Jim Marpe at Town Hall, days before his second term as first selectman ended earlier this week. / Photo by Thane Grauel

By Thane Grauel

WESTPORT — Jim Marpe enjoys golf, but admits his game hasn’t improved over the last eight years. As the town’s top elected official, he didn’t have time to hit the fairways to shave a stroke or two off his handicap.

It’s been a couple of weeks since Marpe’s chosen successor, Jennifer Tooker, won the first selectmen’s seat on Election Day, extending a Republican majority on the Board of Selectmen to 12 years. 

Since the Nov. 2 election, Marpe has visited various commissions and boards in his final days to share good-byes and thank-yous after two four-year terms as first selectman. He’s also shared credit in a community that’s never had a shortage of people willing to give their time for public service — including himself, previously a senior executive with the multinational professional services firm, Accenture.

At Monday’s official Town Hall swearing-in ceremony for many of the newly elected officials, Marpe handed over the key to his second-floor Town Hall office to Tooker, as well as an outsized pair scissors used for ceremonial ribbon-cuttings.

“I hope you use them twice as much as I did,” he told Tooker.

Family, friends now get priority

Now, with time on his hands, perhaps he can feel the fairway grass under his feet and the sun on his face at Longshore.

But it’s not his first priority. 

What is? 

“Spending time with my grandson,” he said of the 1-year-old during a recent interview with the Westport Journal. 

Marpe noted that spending more time with family is often a euphemism for a future altered against one’s choice. But in his case, after eight demanding years as first selectman, Marpe says it’s true.

And, while many politicians are reluctant to give up control, he’s confident about the prospects for the incoming administration. 

Marpe in front of Town Hall, where he presided eight years as the town’s chief elected official. / Photo by Thane Grauel

“What Jen Tooker represents, is what Dianne Farrell represented 16 years ago, a younger generation of leadership,” Marpe said.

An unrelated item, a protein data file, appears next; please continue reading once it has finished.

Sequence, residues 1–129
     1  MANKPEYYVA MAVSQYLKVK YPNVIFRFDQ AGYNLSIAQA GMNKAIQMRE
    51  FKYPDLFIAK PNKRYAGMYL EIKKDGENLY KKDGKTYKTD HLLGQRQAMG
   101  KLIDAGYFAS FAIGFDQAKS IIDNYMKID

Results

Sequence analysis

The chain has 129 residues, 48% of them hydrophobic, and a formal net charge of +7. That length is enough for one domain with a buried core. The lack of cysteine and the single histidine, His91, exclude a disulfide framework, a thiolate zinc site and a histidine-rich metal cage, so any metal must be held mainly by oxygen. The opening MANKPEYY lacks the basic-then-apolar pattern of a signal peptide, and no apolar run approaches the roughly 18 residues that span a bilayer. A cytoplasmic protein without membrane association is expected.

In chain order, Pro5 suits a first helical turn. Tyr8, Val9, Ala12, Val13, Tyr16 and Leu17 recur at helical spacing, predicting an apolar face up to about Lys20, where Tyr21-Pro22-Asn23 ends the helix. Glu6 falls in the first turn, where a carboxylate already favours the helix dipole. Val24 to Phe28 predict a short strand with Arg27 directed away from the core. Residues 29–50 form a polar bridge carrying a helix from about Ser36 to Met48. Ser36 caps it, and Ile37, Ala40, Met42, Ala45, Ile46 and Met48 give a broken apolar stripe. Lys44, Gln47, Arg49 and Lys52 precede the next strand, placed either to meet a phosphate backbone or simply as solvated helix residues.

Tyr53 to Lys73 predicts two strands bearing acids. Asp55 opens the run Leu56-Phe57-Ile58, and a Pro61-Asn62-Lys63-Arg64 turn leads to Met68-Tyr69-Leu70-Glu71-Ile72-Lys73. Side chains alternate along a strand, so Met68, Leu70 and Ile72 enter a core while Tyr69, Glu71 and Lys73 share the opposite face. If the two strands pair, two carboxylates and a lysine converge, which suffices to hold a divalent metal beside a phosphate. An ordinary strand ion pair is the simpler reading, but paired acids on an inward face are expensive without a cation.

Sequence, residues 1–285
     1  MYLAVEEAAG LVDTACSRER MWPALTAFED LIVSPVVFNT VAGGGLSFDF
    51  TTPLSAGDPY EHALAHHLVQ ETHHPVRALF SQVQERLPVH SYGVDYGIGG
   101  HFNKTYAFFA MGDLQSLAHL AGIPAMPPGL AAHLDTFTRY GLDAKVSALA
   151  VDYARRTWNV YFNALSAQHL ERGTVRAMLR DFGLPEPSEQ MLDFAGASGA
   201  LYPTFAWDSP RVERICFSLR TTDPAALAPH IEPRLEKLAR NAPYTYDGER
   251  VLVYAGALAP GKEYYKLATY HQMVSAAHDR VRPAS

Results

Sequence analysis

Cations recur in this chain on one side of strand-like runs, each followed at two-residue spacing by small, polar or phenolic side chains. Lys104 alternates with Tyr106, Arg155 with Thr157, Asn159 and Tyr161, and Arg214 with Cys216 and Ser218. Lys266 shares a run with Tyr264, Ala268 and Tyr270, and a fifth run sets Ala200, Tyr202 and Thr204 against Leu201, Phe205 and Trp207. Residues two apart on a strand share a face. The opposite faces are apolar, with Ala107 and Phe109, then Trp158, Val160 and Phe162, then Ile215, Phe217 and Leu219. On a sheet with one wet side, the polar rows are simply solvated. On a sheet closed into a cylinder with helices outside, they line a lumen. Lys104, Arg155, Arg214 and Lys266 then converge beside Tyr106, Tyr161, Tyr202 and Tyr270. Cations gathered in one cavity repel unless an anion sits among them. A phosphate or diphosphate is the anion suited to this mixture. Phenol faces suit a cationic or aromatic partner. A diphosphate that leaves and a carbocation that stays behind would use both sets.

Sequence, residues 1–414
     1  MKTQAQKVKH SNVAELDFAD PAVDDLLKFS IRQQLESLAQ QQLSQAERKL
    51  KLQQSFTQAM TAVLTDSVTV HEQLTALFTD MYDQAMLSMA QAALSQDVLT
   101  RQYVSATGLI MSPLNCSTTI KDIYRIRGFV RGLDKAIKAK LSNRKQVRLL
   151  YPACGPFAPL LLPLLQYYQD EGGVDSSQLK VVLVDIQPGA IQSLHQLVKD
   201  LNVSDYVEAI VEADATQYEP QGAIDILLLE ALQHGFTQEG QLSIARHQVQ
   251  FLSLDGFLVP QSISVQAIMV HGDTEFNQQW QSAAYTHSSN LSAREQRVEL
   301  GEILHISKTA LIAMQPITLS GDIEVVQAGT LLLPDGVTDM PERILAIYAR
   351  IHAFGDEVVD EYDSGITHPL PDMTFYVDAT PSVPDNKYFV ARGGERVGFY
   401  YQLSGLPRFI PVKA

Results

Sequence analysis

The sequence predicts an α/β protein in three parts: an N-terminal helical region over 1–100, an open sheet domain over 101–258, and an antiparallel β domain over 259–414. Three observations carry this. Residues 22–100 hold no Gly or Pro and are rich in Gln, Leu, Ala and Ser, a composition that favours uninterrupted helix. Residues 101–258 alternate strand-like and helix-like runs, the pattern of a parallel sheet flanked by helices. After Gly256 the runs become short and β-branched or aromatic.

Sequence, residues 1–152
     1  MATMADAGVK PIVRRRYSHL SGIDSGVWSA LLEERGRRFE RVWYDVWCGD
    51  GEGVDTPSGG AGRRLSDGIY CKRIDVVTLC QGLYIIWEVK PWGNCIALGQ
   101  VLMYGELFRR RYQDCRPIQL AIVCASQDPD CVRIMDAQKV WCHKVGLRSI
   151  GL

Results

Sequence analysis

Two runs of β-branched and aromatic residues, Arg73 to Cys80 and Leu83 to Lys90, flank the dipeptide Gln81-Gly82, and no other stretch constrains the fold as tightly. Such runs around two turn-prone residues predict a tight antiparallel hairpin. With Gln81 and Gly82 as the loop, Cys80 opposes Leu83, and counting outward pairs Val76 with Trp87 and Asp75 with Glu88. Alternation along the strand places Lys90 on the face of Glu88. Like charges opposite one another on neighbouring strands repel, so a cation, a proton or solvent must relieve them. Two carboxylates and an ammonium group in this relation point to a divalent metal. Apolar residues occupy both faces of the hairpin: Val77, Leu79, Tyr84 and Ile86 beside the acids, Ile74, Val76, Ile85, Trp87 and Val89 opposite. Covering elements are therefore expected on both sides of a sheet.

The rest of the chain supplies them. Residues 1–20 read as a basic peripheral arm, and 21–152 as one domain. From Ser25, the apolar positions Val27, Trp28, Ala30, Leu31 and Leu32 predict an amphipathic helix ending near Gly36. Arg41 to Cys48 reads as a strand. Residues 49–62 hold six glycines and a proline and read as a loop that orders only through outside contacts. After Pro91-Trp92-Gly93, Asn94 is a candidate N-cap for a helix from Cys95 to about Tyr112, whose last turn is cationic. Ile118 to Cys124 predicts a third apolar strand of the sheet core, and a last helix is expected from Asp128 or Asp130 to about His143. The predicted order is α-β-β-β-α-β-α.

Farrell was a Democrat who unseated Joe Arcudi, a Republican and long-serving member of the Representative Town Meeting. After Arcudi, 16 years passed before voters returned a Republican to the first selectman’s seat. That was Marpe. And now comes Tooker.

COVID was a challenge no one saw coming

Marpe, who previously served nearly eight years on the Board of Education, said his years in the town’s top job included a challenge few could have predicted — a worldwide pandemic. He said his administration, and the school district, did a remarkable job meeting COVID challenges.

“We could talk for hours about the steps we took, everyone’s aware there was a hotspot here, as a result of a party here in town,” he noted of what was considered an early super-spreader event.

Meeting people from all walks of life is not something he’d likely have encountered if not serving as first selectman.

“That part was and is one of the great satisfactions,” he said.

Then, there were meetings “where time stood still”

But Marpe won’t miss the late-night meetings, or the phone calls and emails on the weekends. In his final days, he mentioned that time at some meetings “seemed to stand still,” and some engagements were like “watching paint dry.”

Marpe gives credit to the patience and partnership of his wife, Mary Ellen, left, during his administration. They are pictured at an event with Westport resident Janet Plotkin. / Photo by Jarret Liotta

Overall, he was honored to be elected twice, even with the expectation that the job’s demands are 24-7.

“My wife has been my partner in this … she’s been willing to put up with the fact that I come home late, after endless meetings,” plus weekends usually booked for community events and civic obligations.

“I owe her more time,” Marpe said of his wife Mary Ellen, “and I’m also looking forward to spending more time with friends.” 

Upgrading school district relations, other achievements

Marpe said that one of his goals was to forge a closer relationship between his office, at one end of a Town Hall hallway, and the office of the superintendent of schools, at the other end.

“I believe we’ve achieved that,” he said. “Not without a couple hiccups along the way, but the intent is right and the relationship I enjoy now with the Superintendent [Thomas} Scarice and his team, I consider his team a part of my team as well.”

He’s also proud of the work done at Longshore, with restoration of the golf course greens and a new golf pro, among other things.

“The golf experience there has improved dramatically,” he said.

He also cited the work, with the Board of Education and the Parks and Recreation Department, re-turfing playing fields around town.

Marpe’s also proud of the services offered to senior citizens, as well as efforts to bolster broader community inclusion and rejuvenation of downtown. 

“We’ve positioned ourselves to offer quality services to our senior population … and our population that may have disabilities of one kind or another.”

“My hope and my belief is that the community will become even more welcoming, more diverse — and diverse has many dimensions to it,” he said.

Westport, he hopes, will continue to be “a place where our residents want to stay and age in place and be a part of the community long after their children are grown.”

Marpe, with Town Tree Warden Bruce Lindsay, at one of many community and civic appearances he made over the course of his tenure as first selectman. / Photo by Jarret Liotta